I have to agree with Adam’s comment and start with something like Robot Wars — http://robocode.sourceforge.net/

    Along with learning some coding skills and having fun, you will get a good base in basic logic and skills that can be applied across many languages.

    Christopher

  • http://www.edventurenet.co.uk Steve Podmore

    You could try http://www.lynda.com It is a site full of e-learning for technology, which is based on quick time videos from very good presenters. Sample files included, and on a relatively low cost subscription.

    Good luck.
    Steve

  • http://www.investrish.com Adam

    One of the most enjoyable books I have read recently is a programming introduction called Why’s Poigniant Guide to Ruby on Rails. http://poignantguide.net/ruby/chapter-1.html
    It is very funny and I think a creative/smart teenager could really enjoy it. Besides, Ruby is the hot language right now.

  • http://https://freepository.com John Minniihan

    I just spoke to my good friend Dan Scholnick, Founder & President of Flurry (http://flurry.com – creators of flurrymail).

    He and I agree that books, CDs and the like are important *parts* of learning, but the key to really growing into computer science (or anything really) is finding a willing, patient mentor who will help guide you.

    Dan first became interested in programming at age seven, when he picked up a book on Basic and taught himself (via the examples in the book) as much as he could. He says he quickly outgrew the book, and had questions but no one to ask (at seven your concept of ‘who to talk to’ is limited mostly to family).

    As a result, he gave up programming in favor of other activities. He picked it back up at Dartmouth, where he was very active in the Basement, and helped create Blitzmail.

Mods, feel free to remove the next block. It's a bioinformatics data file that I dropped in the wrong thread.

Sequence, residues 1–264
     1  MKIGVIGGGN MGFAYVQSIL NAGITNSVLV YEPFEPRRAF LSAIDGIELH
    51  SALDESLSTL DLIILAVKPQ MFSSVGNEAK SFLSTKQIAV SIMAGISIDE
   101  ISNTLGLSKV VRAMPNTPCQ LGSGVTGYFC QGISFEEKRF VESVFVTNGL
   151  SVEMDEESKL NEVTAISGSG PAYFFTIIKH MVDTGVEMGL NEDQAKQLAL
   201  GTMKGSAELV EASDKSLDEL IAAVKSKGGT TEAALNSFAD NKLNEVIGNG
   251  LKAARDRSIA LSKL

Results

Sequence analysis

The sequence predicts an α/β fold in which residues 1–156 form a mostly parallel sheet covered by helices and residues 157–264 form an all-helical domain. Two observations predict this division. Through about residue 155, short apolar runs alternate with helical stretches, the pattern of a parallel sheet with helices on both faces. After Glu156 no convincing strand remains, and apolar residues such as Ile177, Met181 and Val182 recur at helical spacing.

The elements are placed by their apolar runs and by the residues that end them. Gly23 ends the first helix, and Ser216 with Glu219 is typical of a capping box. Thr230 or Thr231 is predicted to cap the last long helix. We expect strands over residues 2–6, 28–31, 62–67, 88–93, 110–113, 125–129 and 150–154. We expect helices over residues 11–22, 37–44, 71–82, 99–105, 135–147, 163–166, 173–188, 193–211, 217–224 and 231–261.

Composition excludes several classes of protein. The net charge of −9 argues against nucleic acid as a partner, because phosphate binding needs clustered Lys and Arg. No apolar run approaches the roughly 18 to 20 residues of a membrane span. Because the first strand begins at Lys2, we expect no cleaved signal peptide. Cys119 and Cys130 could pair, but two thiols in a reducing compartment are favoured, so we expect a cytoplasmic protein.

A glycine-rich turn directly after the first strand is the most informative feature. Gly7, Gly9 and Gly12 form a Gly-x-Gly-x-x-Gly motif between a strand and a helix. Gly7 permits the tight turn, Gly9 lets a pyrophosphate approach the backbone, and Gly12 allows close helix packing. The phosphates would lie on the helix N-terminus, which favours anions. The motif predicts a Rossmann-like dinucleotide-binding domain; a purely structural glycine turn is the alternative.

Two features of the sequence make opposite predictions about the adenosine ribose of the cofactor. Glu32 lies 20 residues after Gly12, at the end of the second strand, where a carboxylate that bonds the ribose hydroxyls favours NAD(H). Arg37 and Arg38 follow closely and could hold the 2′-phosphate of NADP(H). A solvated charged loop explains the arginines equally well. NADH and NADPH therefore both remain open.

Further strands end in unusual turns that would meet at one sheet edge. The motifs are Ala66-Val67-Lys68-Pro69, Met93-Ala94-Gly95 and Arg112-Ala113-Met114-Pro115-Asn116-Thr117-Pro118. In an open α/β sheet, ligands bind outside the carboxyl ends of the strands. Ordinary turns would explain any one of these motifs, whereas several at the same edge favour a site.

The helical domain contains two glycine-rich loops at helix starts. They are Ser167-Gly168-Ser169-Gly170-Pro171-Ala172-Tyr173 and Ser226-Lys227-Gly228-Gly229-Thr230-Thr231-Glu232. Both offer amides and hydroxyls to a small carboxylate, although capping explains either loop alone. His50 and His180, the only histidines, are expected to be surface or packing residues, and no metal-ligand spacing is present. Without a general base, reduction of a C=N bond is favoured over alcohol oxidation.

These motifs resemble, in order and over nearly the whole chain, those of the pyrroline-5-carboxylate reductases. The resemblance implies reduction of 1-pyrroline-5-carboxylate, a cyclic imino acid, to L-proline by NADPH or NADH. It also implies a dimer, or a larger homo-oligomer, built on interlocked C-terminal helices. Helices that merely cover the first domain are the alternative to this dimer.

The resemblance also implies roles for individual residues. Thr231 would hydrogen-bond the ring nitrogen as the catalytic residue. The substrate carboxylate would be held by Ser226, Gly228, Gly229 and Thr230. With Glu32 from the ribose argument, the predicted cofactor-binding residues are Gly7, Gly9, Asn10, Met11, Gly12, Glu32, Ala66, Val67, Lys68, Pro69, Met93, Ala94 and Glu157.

As prolific as Dan is now (he’s attending HBS), imagine the difference a mentor might have made.

  • mac

    I suggest you look at RUR(PLE)(http://rur-ple.sf.net) which is a very gentle intro to Python.

    Scheme is another possibility. Three excellent sources:

    (text)
    http://mitpress.mit.edu/sicp/full-text/book/book.html

    (video)
    http://swiss.csail.mit.edu/classes/6.001/abelson-sussman-lectures/
    http://webcast.berkeley.edu/courses/archive.php?seriesid=1906978270

    Martin

  • http://www.performancevelocity.com Deb Miller

    Brad, I think it depends on the kid’s age, gender, previous computer background, and literacy. A few years ago, some friends asked me to teach Java to their gifted, 5th-grade son. He was already into Lego Mindstorms and other “kid” programming. He wanted to learn the “real” stuff. Because my daughter was his classmate, she agreed to join us. We were meeting in a location without Internet access, so we picked a book to use – Simply Java. It seemed ok since it was a hands-on, tutorial approach. What I found was:

    - the tutorials were too rote and didn

  • http://www.venturegeek.com Nathan Dintenfass